The version tested, Rongvhin.C, was discovered in October 2013. We performed this testing on March 18 2014. We knew mostly what to expect and this was not a test to determine how Cerberus performed with zero day malware. Rongvhin.C is most correctly described as a trojan but also often discussed as a virus.

Rongvhin’s main purpose seems to be to generate reputation and google rankings for certain ads, websites or software downloads for its authors or their Customers. Rongvhin Rongvhin.C may also change the blocked and allowed sites set on your computer. This can be rectified by returning to the default values. You can read more about the Rongvhin family and Microsoft’s suggested manual removal method at http://www.microsoft.com/security/portal/threat/encyclopedia/entry.aspx?Name=TrojanClicker%3aWin32%2fRongvhin.C#tab=1.

We installed TrojanClicker: Win32/Rongvhin.C from file H_LOADER.exe. This installed files miniads.exe miniads2.exe, miniads3.exe & adsminirun.exe. This is where the name confusion enters as while the Rongvhin.C is a trojan, the executables installed behave as viruses.

During our testing miniads.exe and miniads3.exe were the only ones to become active. Miniads.exe did not display malicious activity but tried to send several messages. Miniads3.exe would try to send out messages about every 8 minutes and SigFree Cerberus would contain it. If it is not contained, it will send messages for about 2 minutes and then go dormant for 8 more minutes, and then repeat the cycle. However, Cerberus contained it meaning that Cerberus stopped its messages from being launched into the web.

Rongvhin.C

Cerberus did not quarantine. Cerberus can control the Rongvhin.C programs by simply containing them when they attempt to send messages. Through Cerberus’ actions, you may determine you want to remove the infection from your computer. But, even if you choose not to do so, Cerberus will still be protecting you. Cerberus will continue protecting even if Rongvhin.C mutates or is changed into a new variant that other programs cannot protect. Cerberus does not need known signatures!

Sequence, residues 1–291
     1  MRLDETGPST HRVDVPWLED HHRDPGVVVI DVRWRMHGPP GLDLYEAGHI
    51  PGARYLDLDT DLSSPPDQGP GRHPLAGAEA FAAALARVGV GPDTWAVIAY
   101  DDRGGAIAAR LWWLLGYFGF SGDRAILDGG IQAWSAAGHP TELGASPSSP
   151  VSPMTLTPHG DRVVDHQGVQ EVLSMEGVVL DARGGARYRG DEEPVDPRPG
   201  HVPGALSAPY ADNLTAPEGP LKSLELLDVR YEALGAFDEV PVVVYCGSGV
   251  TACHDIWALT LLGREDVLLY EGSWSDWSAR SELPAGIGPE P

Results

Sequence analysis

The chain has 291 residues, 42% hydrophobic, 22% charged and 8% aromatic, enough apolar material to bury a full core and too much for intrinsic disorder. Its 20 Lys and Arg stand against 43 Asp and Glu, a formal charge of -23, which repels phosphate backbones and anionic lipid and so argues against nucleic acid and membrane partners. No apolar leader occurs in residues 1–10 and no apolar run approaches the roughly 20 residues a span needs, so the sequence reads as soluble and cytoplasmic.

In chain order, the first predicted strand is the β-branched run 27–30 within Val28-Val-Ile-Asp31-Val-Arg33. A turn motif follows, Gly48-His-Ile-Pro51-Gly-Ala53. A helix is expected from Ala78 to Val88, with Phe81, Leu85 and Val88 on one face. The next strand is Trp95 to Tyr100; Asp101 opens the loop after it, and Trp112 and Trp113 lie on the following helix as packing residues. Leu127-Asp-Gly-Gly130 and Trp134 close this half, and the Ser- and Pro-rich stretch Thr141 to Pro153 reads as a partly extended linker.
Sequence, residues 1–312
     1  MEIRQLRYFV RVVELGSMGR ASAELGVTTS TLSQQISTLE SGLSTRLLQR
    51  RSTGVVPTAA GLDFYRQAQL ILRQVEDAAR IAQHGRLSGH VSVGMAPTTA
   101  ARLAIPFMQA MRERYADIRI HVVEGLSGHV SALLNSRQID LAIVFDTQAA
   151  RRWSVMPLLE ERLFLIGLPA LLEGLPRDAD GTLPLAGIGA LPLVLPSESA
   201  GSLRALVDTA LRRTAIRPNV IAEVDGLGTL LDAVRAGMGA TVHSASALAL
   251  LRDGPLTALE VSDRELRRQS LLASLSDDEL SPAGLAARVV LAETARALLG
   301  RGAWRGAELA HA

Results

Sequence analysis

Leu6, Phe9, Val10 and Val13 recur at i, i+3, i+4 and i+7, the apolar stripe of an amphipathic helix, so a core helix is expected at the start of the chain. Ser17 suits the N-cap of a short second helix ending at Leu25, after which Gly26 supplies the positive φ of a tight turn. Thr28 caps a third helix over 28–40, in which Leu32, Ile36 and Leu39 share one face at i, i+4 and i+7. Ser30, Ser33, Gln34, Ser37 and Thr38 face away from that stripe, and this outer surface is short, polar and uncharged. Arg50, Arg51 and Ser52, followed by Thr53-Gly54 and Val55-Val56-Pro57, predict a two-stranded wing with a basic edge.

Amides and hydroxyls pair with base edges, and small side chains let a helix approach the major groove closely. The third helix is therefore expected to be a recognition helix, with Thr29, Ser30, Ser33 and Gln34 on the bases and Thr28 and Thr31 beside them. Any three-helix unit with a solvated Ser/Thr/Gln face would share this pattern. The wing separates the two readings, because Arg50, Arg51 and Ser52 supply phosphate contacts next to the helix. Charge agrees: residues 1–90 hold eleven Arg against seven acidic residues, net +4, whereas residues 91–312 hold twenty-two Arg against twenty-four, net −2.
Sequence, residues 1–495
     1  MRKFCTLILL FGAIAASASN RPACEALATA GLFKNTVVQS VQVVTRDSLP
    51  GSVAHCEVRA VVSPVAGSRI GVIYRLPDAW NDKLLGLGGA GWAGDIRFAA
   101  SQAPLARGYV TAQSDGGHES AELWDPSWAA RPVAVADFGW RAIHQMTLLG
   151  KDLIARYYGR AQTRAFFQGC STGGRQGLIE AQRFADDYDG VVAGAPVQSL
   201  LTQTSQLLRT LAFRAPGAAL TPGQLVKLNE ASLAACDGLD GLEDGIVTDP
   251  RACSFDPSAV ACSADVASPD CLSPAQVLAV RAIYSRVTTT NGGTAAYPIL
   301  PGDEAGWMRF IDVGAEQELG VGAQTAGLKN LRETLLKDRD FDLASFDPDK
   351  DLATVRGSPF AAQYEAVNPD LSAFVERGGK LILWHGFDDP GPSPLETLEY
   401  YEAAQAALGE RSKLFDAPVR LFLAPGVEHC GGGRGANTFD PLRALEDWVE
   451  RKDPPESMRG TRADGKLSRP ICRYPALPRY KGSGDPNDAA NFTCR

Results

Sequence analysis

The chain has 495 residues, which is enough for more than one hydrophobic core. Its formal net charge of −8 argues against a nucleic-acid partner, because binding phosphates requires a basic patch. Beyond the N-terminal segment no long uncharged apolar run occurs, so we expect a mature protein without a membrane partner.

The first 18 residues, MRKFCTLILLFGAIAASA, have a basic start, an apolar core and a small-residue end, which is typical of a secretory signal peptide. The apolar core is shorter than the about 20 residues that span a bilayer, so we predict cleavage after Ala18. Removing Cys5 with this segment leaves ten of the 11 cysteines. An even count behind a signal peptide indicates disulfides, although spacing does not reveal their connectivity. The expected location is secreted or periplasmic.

As with Sirefef discussed in a prior blog entry, this was a test at an early stage of development before all features were installed and the program optimized. We consider this test a success! SigFree Cerberus protected the computer from the effects of the Rongvhin.C trojan and rendered its objects useless to complete their tasks!

Sirefef – Early development stage test results

The Sirefef family of malware is a virus. It is not one that we were designing Cerberus to catch as, while a pest and difficult to remove, it is not that dangerous. At least in relative terms, we would call it less dangerous than others. It is also not a worm and not known as self-propagating.

The version of Sirefef tested was discovered in November 2013. We performed this testing on March 12, 2014. We knew what to expect and this was not a test to determine how Cerberus performed with zero day malware.

Sirefef’s main purpose seems to be to generate ad revenue for its authors Sirefef by altering search results. It may download updates to add to its capability or to alter its signature. It seems capable of carrying a payload. You can read more about the Sirefef family and Microsoft’s suggested manual removal method at http://www.microsoft.com/security/portal/threat/encyclopedia/entry.aspx?Name=Virus:Win32/Sirefef.gen!B.

We ran this on XP SP3, as most likely being the most vulnerable.

We installed TrojanDropper:Win32/Sirefef.gen!B. Scanning, we found files TrojanDropper:Win32/Sirefef.gen!B, Trojan:Win32/Sirefef, and Trojan:Win32/Sirefef.AB. The virus is capable of turning off Windows firewall and Microsoft Security Essentials. Added protection in this case is definitely a benefit.

The virus infected two host processes, services.exe and svchost.exe. Services.exe was the most active and was contained five times by SigFree Cerberus and then quarantined. This process would go dormant when contained but was finally deemed malicious. It was almost five seconds after installation that the process was quarantined but most of this time it had returned to its dormant state.